Act 13 Zoning Decision Could Be a Setback for Progressive Agenda

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You guys know I’m no fan of Act 13, but one thing the Corbett administration had mostly right was the local zoning restrictions. Not just right on the policy, but right on the law.

Pennsylvania has 2562 municipalities. These municipalities are creations of the state. Their legal powers to regulate land use are enumerated by the state’s Municipal Planning Code. In other words, municipalities only have zoning powers because the state gives them those powers. There is no inherent municipal right to do zoning.

What today’s court decision seems to say is that municipalities do have a right to zoning, even when the state – which gives municipalities their power – wants to supersede that power:

The majority opinion states that requiring municipalities to change their zoning rules in a way that would conflict with their development plans should not be allowed “because it does not protect the interests of neighboring property owners from harm, alters the character of neighborhoods and makes irrational classifications — irrational because it requires municipalities to allow all zones, drilling operations and impoundments, gas compressor stations, storage and use of explosives in all zoning districts, and applies industrial criteria to restrictions on height of structures, screening and fencing, lighting and noise.”

I don’t really think it makes sense to allow fracking in all zones either, on the merits, but this is just badly missing the point. It doesn’t matter what the state’s substantive zoning changes are. The fact is that the state has the right to make whatever changes it wants because the state creates municipal powers in the first place.

If Democrats ever wanted to amend the Municipal Planning Code to stop sprawl, and empower regional planning bodies to make legally binding regional land use plans, opponents could potentially use this decision to fight that.

I realize liberals didn’t like this arrangement in the case of fracking, since it meant individual municipalities couldn’t use zoning to effectively ban fracking.

But look beyond the fracking issue, and you’ll see that hyper-local zoning authority is the enemy of progressive change on a whole host of other issues. Fracking is likely the only issue where liberals have a reason to favor hyper-local zoning, as I pointed out earlier this year:

It might be tempting for Democrats to align themselves with a villain like David Sanko of PSATS on this issue, but the cause he’s trying to advance here is seriously malign. Fracking is literally the only issue where hyper-local control of zoning helps the progressive agenda.

In all other cases – economic development, affordable housing, open space and farmland preservation, taxation and inequality, segregation, regional planning, education, public health, crime prevention, transparency and access to information – this fragmented system of 2562 municipal governments is a major major roadblock to enacting progressive political goals.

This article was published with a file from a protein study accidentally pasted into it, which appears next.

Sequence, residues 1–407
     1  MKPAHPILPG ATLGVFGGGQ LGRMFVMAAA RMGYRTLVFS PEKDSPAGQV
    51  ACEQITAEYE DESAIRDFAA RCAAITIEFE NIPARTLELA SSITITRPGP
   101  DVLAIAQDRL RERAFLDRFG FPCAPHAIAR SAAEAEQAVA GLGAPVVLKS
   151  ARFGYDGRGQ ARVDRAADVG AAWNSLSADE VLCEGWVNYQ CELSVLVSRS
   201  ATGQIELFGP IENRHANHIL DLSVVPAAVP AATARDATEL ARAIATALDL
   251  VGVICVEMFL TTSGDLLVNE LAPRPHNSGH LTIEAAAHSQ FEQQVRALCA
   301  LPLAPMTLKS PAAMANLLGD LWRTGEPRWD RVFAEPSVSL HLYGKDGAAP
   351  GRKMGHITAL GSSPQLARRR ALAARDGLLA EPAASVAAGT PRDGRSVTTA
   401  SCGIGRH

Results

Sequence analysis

Defending the most extreme version of home rule may seem politically expedient on this one issue, but think about what’s going to happen if this ends up being the reason the impact fee gets defeated. It’s going to be because state representatives got scared away from weakening hyper-local zoning power.

This makes it less likely that they’ll have the stomach for other progressive reforms that take power away from local zoning boards, like requiring legally-binding land use plans, municipal consolidation, school district consolidation, etc. Every other item on the state-level progressive agenda requires more regional and state interference in local affairs, not less.

(Thanks: Laura Olson)

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3 Responses to Act 13 Zoning Decision Could Be a Setback for Progressive Agenda

  1. Jeff Schmidt says:

    I think your logic is flawed. Act 13 created a dangerous precedent. It required municipal governments to allow the industrial activity of gas drilling in all zoning districts, including residential and conservation zones. It required local governements to allow drilling pads within 300 feet of homes, schools, nursing homes and day care centers. And it gave DEP the right to waive even this weak set-back requirement. Act 13 took away the existing right of local governments to limit drilling and associated activities, such as pipelines and compressor stations to industrial zones. No other industry has previously had this extraordinary exemption from zoning requirements.

    As Commonwealth Court found, if these provisions of the law were allowed to stand, any number of industries would line up to get their own exemptions from local zoning. Fracking was the wedge that other industries were hoping for.

    The Municipalities Planning Code requires all municipalities to provide for all legal land uses somewhere in their jurisdiction. Thus, a blatent attempt to ban fracking or other drilling-related activities from all zones would be found illegal by the courts. But now, local governments can return to the practice of preventing industrial activities from being located in residential zones. This is a legitimate exercise to protect the health and welfare of the public from a dangerous and polluting industry.

    • Jon says:

      Good points, but I still think there’s an important issue here about where municipal power comes from. Municipal power comes from the state. I’m not happy with the policy implications either, but I think it’s important for the courts to uphold state power over municipal zoning. I think the Sierra Club should be especially concerned about the implications for regional land use planning, urban growth boundaries, and other policies that supersede municipal zoning authority.

  2. Pingback: Act 13: Where Does Municipal Power Come From? - Keystone Politics